July 29, 2013

Post-AMP, Myriad Files Patent Infringement Suits Against BRCA1 and BRCA2 Testing Competitors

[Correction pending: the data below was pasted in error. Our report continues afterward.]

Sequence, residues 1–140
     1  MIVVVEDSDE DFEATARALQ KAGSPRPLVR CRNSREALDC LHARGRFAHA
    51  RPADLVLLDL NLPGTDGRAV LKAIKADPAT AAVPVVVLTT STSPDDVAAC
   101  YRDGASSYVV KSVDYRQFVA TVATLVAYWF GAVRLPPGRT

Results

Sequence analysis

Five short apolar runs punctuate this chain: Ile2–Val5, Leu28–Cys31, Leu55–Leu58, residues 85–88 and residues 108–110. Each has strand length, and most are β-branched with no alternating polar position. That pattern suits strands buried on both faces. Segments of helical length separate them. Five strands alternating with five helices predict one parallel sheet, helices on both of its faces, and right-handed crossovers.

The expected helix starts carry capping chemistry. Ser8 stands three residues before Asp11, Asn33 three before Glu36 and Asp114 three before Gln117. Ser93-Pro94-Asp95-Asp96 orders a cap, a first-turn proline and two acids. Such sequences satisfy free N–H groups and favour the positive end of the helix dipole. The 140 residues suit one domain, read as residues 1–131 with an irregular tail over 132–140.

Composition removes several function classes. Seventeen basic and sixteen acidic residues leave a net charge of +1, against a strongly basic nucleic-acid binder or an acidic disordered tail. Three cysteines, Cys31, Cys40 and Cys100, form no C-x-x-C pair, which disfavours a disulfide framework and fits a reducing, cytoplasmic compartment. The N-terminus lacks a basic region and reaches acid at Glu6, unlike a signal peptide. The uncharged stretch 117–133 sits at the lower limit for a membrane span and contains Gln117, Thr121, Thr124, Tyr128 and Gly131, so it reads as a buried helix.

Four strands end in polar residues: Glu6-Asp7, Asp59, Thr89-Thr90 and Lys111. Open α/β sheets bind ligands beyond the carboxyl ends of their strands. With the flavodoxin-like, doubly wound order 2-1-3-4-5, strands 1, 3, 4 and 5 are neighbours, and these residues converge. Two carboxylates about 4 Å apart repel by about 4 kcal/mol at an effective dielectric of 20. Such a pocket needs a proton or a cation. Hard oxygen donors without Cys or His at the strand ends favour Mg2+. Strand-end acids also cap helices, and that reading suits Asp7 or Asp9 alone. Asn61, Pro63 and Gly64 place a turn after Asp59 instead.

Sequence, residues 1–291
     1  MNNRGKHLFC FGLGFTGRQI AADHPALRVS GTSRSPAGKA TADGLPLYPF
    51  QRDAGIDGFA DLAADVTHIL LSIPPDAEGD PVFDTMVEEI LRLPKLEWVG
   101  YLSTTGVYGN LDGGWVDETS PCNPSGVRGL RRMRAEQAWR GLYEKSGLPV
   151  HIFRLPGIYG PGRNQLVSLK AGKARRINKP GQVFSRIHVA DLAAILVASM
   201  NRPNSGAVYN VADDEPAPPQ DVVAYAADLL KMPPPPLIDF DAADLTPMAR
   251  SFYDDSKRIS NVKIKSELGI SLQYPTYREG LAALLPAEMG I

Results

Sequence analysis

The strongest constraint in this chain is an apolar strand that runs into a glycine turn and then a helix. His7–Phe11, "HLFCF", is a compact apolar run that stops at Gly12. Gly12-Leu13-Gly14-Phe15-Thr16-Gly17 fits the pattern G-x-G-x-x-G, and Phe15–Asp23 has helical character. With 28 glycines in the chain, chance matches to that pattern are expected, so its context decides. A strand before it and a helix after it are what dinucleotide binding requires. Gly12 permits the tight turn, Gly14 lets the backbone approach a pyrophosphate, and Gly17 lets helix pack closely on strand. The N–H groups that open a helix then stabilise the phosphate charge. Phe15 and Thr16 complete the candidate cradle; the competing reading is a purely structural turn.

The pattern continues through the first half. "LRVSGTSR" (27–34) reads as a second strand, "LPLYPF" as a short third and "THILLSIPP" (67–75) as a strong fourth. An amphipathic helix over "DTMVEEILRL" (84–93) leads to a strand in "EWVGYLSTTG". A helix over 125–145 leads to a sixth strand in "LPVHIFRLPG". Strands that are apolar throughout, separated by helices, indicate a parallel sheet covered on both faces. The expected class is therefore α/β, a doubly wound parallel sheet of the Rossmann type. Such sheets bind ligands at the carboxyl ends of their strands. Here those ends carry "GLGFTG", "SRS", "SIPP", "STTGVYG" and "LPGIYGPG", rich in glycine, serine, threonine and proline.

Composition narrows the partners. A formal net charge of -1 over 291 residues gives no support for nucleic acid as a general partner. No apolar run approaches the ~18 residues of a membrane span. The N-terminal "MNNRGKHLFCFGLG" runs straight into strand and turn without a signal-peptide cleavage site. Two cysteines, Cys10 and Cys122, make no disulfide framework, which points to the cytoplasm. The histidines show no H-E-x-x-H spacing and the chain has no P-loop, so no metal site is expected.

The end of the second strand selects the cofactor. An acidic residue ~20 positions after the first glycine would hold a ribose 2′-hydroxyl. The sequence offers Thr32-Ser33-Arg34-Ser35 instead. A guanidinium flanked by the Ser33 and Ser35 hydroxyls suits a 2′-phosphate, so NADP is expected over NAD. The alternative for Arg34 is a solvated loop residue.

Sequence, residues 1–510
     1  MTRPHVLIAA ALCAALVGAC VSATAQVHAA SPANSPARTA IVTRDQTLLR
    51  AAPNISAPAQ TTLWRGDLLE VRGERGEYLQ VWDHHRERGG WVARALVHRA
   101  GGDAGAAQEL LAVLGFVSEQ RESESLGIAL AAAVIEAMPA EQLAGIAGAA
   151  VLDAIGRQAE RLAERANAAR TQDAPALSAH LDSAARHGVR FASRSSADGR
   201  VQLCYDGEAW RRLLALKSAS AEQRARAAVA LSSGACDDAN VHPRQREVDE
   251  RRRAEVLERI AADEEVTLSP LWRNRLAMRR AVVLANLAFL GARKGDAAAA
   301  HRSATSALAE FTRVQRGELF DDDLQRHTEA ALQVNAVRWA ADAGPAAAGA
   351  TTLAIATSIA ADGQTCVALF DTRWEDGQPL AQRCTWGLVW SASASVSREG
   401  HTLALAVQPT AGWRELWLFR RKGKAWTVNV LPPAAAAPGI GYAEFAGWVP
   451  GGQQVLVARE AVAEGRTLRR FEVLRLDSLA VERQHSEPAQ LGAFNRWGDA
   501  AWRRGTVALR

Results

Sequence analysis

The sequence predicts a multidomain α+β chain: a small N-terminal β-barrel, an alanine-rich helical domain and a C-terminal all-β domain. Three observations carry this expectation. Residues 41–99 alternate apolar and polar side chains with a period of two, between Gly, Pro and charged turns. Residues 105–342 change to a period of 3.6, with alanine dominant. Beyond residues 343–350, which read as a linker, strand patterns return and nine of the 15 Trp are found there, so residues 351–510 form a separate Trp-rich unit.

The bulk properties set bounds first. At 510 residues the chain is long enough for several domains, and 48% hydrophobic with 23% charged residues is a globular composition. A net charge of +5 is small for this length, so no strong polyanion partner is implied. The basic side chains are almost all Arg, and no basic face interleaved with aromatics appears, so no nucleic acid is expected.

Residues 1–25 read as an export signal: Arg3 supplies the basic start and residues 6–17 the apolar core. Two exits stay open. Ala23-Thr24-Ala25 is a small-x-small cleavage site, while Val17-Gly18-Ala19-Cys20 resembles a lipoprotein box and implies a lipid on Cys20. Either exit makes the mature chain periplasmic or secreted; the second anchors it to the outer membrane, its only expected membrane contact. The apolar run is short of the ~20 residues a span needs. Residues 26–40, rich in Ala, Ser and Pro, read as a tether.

Several developments have followed last month's Supreme Court decision that invalidated Myriad Genetics patent claims to isolated genes; (AMP v. Myriad opinion). Within hours of the Court’s decision, several competitors announced plans to offer BRCA1 and BRCA2 genetic tests. Myriad has recently filed patent infringement suits against Ambry Genetics (California) and Gene by Gene (Texas), based on the assertion of patent claims from ten patents it holds to BRCA1 and BRCA2 related genetic materials and methods (including some with contested claims in the Supreme Court). The complaint against Ambry is here; the complaint against Gene by Gene complaint is here. The suits, filed in Utah federal court, could be an opening play to fully litigate these other patents or a maneuver to create licensing structures for these patented materials and methods. A strategy by Myriad to obtain a preliminary injunction against these companies would have to contend with the more rigorous scrutiny for such requests after eBay v. MercExchange (2006), where the Supreme Court reaffirmed the need to consider "public interest" in the award of injunctions, and the current climate might lend support for such an argument against any injunction. Ambry has indicated that it will “vigorously defend” its right to offer testing services.The Court’s invalidation of some of Myriad’s patent portfolio related to BRCA1/2 testing has clearly led to altered expectations regarding the state of the genetic testing marketplace. Evidence of this is the response from Senator Patrick Leahy, Chair of the Senate Judiciary Committee, to Myriad’s lawsuit, calling for the National Institutes of Health (NIH) to exercise “march-in” rights that it holds pursuant to the Bayh-Dole Act of 1980. That option applies to patents for which NIH provided federal funding (or other federal agencies). Apart from the march-in authority, the U.S. government retains a default mechanism, a compulsory license that allows it to use any patented invention (or authorize 3rd parties to do so) under the statutory authority of 28 U.S.C. 1498, which requires “reasonable and entire compensation for such use and manufacture.” Since the march-in authority has never been exercised by the NIH (see here), it is unlikely to respond to Leahy’s call. Nor is it likely that the government would regard the BRCA1/2 genetic testing controversies as critical enough to trigger the compulsory license mechanism. These disputes are likely to be settled more informally, and more quickly, as the high visibility of these tests will retain public attention and maintain pressure on Myriad to support the expansion of genetic testing options.

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